Finally, the hardly appreciable difference in the density of the air on the upper side and the under side, of a shot issuing from a gun is sufficient to deflect the missile toward either side, according to the "hand" of the rifling, to such an extent that it has to be allowed for in the sighting and rifling of guns designed to be fired at long range. So, in fixing long-range guns, pointing north and south, the difference in the velocity of the earth's rotation at the two ends of the range has to be taken into consideration.
Sir Frederick's address having begun by showing how applications of science and discoveries act and react upon and further one another, and having illustrated the importance of minute details in this mutual helping, closed with a demonstration that engineering has a poetical side.
The building of such a work as the Eddystone Lighthouse, the throwing of a long and lofty span across a navigable river or strait, or the tunneling under a body of water—like the English Channel, for instance—with the closer bringing together of peoples that would result from it, or the execution of a sanitary work that will reduce disease one half—a thing that is not unknown—afford abundant scope for emotion and flight of the imagination. Whether it be these, or the supply of pure water to every dwelling—
Animal Memoirs. Part I.—Mammals. By Samuel Lockwood. New York and Chicago: Ivison, Blakeman & Co. Pp. 317.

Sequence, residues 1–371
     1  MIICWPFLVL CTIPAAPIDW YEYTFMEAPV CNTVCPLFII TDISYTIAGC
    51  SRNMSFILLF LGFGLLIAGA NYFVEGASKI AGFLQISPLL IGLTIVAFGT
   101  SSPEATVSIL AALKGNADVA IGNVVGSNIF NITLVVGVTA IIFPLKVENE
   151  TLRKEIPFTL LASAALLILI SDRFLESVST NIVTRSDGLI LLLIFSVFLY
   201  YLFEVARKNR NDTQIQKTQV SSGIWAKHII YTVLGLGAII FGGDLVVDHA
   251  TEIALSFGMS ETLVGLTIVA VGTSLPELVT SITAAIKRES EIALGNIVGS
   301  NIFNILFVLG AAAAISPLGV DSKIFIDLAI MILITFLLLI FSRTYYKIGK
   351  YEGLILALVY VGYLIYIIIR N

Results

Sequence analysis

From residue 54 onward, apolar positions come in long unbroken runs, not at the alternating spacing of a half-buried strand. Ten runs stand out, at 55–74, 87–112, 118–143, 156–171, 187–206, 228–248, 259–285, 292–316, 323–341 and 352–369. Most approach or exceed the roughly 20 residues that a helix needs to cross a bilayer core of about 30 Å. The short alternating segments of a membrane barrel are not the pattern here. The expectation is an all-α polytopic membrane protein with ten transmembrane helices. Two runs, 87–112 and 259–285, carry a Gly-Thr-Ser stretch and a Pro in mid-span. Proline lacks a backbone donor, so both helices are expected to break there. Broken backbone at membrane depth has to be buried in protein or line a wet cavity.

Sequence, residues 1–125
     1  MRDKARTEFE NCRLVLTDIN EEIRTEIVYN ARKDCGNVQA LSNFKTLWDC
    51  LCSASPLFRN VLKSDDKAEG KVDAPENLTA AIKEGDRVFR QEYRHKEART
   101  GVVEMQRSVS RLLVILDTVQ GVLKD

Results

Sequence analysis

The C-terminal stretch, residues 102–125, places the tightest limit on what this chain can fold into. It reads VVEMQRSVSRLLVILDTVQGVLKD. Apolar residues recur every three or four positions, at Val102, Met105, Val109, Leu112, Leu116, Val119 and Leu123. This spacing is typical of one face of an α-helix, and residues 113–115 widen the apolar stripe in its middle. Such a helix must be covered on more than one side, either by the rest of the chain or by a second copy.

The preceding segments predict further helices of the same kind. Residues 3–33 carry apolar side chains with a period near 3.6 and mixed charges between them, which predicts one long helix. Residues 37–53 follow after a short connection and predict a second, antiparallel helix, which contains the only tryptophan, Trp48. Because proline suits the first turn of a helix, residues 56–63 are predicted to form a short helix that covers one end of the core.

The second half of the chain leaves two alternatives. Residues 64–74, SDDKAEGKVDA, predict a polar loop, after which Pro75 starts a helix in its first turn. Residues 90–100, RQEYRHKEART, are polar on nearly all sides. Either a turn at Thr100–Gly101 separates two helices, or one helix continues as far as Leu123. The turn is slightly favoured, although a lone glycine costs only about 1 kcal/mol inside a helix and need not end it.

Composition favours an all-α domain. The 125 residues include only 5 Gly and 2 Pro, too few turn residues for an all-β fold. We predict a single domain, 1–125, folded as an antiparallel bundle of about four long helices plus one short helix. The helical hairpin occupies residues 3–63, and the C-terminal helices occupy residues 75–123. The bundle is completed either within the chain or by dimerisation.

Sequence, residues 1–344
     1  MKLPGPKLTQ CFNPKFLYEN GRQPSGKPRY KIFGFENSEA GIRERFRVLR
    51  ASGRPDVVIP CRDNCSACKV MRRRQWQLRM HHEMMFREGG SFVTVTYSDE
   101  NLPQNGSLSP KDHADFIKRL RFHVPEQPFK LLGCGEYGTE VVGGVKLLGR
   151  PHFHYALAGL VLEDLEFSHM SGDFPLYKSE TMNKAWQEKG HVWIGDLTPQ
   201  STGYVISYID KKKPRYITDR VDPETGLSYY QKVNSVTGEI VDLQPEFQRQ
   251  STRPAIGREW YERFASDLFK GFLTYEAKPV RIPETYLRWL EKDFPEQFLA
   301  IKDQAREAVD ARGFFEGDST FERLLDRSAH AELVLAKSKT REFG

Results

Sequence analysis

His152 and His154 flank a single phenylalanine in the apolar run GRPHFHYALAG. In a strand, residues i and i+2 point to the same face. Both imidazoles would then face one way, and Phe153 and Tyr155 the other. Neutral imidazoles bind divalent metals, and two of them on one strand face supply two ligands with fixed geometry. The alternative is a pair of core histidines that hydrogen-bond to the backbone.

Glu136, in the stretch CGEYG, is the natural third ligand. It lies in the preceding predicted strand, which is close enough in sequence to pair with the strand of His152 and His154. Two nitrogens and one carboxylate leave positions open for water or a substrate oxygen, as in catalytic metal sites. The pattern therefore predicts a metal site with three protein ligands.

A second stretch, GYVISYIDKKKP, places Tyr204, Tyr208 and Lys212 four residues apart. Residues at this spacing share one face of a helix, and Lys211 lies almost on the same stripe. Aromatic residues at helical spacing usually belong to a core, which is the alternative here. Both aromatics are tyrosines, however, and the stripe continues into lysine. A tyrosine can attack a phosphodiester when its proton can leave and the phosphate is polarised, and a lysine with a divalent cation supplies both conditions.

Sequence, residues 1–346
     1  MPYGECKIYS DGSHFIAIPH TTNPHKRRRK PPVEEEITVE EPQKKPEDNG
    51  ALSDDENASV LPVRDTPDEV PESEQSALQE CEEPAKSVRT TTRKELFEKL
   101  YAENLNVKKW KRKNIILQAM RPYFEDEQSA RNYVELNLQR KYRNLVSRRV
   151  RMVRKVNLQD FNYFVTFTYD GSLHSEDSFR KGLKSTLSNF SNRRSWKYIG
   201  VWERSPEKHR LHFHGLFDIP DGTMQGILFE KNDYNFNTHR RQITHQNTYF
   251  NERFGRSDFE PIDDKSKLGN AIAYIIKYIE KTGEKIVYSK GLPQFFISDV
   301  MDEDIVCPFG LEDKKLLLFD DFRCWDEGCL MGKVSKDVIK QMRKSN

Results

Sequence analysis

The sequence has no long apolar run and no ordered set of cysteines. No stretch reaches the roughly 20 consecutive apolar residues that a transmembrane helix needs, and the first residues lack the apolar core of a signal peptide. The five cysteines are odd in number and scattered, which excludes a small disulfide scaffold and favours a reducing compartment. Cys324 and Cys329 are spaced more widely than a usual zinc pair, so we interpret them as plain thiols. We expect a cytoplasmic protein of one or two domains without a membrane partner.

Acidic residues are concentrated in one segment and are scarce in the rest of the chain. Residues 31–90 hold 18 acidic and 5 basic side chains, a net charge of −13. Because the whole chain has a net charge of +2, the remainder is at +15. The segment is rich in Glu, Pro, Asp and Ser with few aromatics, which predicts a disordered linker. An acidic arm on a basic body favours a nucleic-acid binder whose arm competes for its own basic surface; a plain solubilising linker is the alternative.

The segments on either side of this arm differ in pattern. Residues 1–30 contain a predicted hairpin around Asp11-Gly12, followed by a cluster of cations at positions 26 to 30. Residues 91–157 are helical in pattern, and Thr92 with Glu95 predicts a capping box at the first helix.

This book is the first of a projected series of "Readings in Natural History," in which the author purposes to present mainly individual portraits, or animal biographies, in the fourfold setting of their morphology, physiology, chorology (or geographical occupancy), and origin, "but so far as possible without technicality of treatment, and with as little formal limning as is compatible with clear and truthful outlines." Preference is given, where possible, to such creatures as the author has known with the intimacy that attaches to pets. In accounting for the origin of the book, Prof. Lockwood describes how his own interest in natural history began. It arose from his picking up, while he was a very small boy, a torpid snake which had been chilled in a severe storm. Having taken it home, he was examining its diamond-pointed scales, when it revived under the influence of the warmth, and was at once dispatched by an older brother. "I felt very badly," he says, "to have it taken from me. But a little picture of its ornamentation held a place for a long time in my memory. The pattern was a mosaic of pretty geometric figures. From that time on my taste grew. I had that day got a nibble in the lane which led to the rich and open field of nature. What an appetizer it proved to be! I hungered for more. My first book was Goldsmith's 'Animated Nature,' which was read and reread with avidity. I took in everything, even the wild statement that Indians had passed safely over the Falls of Niagara in their canoes." The key to the author's mood is given in the sentence, "With the imagination and judgment in healthful union, let one enter into the mind of the animal—that is, put himself in its place—and it will be surprising how much of one's self can be seen in that lowly thing." Prudence and foresight, forecasting of the weather, mag-